by Carol G. Thomas and Craig Conant
Norman: University of Oklahoma Press, 2007. Pp. xii, 210.
Illus., maps., append., notes, biblio., index. $16.95 paper. ISBN: 0806138742
A fresh look at an eternally fascinating subject.
Standing on the cusp between myth, legend, and history, the Trojan War continues to attract attention. In this work, Thomas and Conant, who previously wrote Citadel to City-State: The Transformation of Greece, 1200-700 B.C.E., review the current state of the evidence on this major event in the formation of what would become Western civilization. The book is curiously organized, with regular chapters alternating with shorter ones that are rather like extended appendices. They open with a look at the mythic Troy, and follow that with a discussion of the city under the mound at Hissarlik within the culture of the Late Bronze Age which has come to be generally accepted as the place that inspired the Homeric epic. There follows an account of the mythic and traditional histories of the city and the war, a look at what can be learned from the Homeric epics, and how this tradition and archaeology have shaped views of the events to the present. The book concludes with an overview of the current state of thought on the subject.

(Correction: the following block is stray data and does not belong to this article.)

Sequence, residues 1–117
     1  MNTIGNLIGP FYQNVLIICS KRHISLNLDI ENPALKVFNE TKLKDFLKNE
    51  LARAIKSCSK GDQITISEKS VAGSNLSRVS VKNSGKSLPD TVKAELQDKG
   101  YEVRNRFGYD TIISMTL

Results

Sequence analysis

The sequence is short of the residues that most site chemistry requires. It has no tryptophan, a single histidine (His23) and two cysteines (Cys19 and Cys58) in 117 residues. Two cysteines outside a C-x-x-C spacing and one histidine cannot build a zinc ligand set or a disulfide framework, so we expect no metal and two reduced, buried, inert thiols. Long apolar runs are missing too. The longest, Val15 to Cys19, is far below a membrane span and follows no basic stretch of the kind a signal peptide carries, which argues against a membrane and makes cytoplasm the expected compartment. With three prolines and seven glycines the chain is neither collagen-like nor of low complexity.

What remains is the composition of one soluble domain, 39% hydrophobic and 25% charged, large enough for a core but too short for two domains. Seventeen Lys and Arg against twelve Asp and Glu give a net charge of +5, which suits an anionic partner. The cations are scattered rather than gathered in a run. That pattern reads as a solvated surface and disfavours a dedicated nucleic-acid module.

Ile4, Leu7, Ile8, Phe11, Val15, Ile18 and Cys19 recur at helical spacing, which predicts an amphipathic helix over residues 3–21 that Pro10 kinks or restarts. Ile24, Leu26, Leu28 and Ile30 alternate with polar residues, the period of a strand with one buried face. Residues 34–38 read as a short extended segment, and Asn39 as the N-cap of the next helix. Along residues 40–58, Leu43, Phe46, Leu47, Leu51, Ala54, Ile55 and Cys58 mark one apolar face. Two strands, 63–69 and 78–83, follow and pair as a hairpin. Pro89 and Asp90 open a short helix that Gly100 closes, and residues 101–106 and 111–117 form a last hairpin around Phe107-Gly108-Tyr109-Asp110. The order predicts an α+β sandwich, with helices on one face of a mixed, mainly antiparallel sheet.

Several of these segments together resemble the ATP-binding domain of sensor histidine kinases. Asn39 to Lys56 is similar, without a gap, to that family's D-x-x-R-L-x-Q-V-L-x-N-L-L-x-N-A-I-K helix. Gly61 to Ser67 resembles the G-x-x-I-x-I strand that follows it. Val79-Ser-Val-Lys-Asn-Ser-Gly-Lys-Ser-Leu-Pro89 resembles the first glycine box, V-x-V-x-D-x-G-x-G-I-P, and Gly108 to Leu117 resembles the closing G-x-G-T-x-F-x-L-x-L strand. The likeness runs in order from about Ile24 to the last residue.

The authors are not afraid of controversy, and address head on such difficult questions as whether there actually was a great war on the scale described by Homer, or did the poet merely inflate some small conflict, or perhaps even make it up entirely. These are questions that will never be settled, nor will we ever grow tired of discussing them.
The Trojan War
is well written, wide ranging, touching upon art, science, literature, history, and more, often analytical and insightful. It will prove a very good read for anyone with even a slight interest in history.